It would not surprise the leader of a national officiating organization nor two former top referees if John Higgins does not work a game in Rupp Arena this coming season.
Some Kentucky fans directed death threats at Higgins and and sent a flood of defamatory social media messages to his business after he worked UK’s loss to North Carolina in the NCAA Tournament last spring. He filed a lawsuit Tuesday against Kentucky Sports Radio, its founder Matthew H. Jones and its managing editor Drew Franklin. The suit charges that Jones, Franklin and KSR made public Higgins’ contact information and enticed fans to use it. Jones has said on Twitter that the lawsuit “is frivolous and without any legal merit whatsoever.”
Safety concerns, not any presumed conflict of interest arising from the lawsuit, should weigh heavy in deciding if Higgins works a UK home game, said Barry Mano, founder and president of the National Association of Sports Officials.
“The lawsuit is not against the team,” Mano said Thursday. “I don’t think that in particular is the issue.
“As a practical matter, I expect John Higgins probably doesn’t do a UK home game this next season. But that would not be unreasonable. If I were the manager of assignments, I might look at that and say, you know what? The smart play is let’s not send him over to Lexington. Doesn’t mean he’s not going to have UK on the road somewhere. But that sounds like pretty sound management.”
Mano said he saw multiple photos of Higgins when he googled Big Blue Nation. When asked what that said to him, he said, “It tells me this has gotten so intertwined that I, as a top administrator of officials, might want to give it some air.”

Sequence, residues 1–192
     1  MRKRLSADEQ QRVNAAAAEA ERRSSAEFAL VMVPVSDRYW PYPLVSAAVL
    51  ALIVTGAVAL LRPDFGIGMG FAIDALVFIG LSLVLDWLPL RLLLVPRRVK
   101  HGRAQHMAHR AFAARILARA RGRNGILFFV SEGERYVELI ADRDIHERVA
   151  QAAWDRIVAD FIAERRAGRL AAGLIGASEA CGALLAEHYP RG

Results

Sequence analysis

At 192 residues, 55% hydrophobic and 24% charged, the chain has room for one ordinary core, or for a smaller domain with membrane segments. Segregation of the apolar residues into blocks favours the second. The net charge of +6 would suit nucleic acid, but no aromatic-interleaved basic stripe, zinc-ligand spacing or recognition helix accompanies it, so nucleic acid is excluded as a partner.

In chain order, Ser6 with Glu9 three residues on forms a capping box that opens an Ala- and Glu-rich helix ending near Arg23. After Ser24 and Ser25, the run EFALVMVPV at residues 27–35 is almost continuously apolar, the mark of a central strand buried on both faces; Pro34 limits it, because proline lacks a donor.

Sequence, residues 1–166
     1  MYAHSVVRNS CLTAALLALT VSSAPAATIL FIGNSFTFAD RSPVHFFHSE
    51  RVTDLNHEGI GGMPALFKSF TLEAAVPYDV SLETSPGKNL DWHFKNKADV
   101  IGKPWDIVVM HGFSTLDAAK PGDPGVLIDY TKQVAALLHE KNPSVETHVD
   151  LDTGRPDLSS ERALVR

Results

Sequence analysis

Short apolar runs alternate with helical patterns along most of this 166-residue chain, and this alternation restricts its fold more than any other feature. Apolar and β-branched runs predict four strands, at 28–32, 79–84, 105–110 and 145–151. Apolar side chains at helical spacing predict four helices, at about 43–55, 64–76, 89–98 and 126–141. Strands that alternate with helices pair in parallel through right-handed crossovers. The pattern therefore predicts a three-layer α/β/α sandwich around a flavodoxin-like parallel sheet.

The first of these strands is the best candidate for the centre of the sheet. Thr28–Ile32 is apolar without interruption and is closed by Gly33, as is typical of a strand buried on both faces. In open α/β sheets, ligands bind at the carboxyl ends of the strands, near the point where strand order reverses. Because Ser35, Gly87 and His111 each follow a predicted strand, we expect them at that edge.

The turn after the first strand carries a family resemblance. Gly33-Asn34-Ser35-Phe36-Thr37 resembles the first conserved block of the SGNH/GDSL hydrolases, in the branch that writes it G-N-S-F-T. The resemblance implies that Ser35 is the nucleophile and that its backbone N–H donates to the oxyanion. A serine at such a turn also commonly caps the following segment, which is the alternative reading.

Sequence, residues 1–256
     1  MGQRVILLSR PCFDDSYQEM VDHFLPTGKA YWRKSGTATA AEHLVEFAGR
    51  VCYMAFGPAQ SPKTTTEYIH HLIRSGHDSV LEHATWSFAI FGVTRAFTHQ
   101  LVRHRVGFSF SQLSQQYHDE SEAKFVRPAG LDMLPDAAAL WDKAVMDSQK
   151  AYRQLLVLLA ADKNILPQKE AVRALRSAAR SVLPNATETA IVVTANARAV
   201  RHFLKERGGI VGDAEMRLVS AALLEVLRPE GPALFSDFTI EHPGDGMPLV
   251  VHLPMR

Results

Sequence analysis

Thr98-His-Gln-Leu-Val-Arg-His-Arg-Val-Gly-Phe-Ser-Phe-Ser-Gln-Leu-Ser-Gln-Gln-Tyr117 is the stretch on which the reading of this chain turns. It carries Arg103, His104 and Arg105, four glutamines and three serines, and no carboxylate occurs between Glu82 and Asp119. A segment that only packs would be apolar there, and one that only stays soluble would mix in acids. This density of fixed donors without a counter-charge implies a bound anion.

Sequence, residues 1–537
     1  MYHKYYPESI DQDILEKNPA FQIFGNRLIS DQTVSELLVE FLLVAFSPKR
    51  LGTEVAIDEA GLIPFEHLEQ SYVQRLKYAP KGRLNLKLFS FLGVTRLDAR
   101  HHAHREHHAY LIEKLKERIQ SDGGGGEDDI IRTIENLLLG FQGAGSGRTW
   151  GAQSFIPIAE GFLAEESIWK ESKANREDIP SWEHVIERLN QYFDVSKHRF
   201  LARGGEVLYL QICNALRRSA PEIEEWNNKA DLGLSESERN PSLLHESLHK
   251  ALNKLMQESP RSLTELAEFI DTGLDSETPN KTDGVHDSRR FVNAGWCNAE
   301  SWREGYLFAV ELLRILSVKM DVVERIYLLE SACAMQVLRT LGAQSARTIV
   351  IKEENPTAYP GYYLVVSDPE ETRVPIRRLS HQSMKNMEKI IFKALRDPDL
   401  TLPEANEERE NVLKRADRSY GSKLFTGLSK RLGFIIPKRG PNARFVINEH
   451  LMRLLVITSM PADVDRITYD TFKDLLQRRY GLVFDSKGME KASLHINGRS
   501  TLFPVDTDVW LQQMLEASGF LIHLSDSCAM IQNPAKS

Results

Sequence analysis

Mark Whitehead, the coordinator of men’s basketball officials for the Southeastern Conference, referred questions about Higgins to the league office. SEC spokesman Herb Vincent said that league policy prohibits comment on what games referees work.
Don Rutledge, a long-time SEC referee, struck a defiant tone.
“If it were me, I’m not going to back down from anybody,” he said. “And if I work for the SEC, I expect to be assigned wherever they want me to be assigned. And if they assigned me there, I would go back.”
But Rutledge said he would understand if there was reluctance to assign Higgins a game in Rupp Arena this season. “Because they might not want to exacerbate the situation,” he said.
John Clougherty, a referee for 30 years and then supervisor for Atlantic Coast Conference officials for 11 seasons, said that neither the SEC, NCAA nor Higgins would probably want an assignment in Rupp Arena this coming season.
Not working Kentucky home games will not significantly lighten Higgins’ work load, Clougherty said. “John Higgins has all the assignments that he will ever possibly be able to work,” Clougherty said.
On Monday, the day before he filed his lawsuit, Higgins was voted the Naismith College Official of the Year by the Atlanta Tipoff Club. Past winners of the award and conference supervisors of officials vote on the award.
The National Association of Sports Officials plans to award Higgins its Great Call Award in recognition of how Higgins did not lash back at UK fans, Mano said.
Two seasons ago, an issue about a referee’s game assignments arose after Doug Sirmons ejected UK Coach John Calipari within the first four minutes of a game at South Carolina.
Clougherty said he would be reluctant to move Sirmons off a UK game in the near future. To do so, he said, would mean “you’re sending a message. By enforcing the rules (by ejecting Calipari), you can be removed from a game.”
But no matter how hysterical a coach reacts to being ejected (and Calipari acted as if others had to hold him back from fighting Sirmons), the death threats and defamatory messages directed at Higgins raise safety concerns to a much higher level, Mano said.
Of the idea of supporting referees by not changing assignments, Mano said. “Do you back them up by sending them into a potentially incendiary situation just to show you can do it?
“You can do that. I’m just not sure in this particular case in this very first season that I would do that.”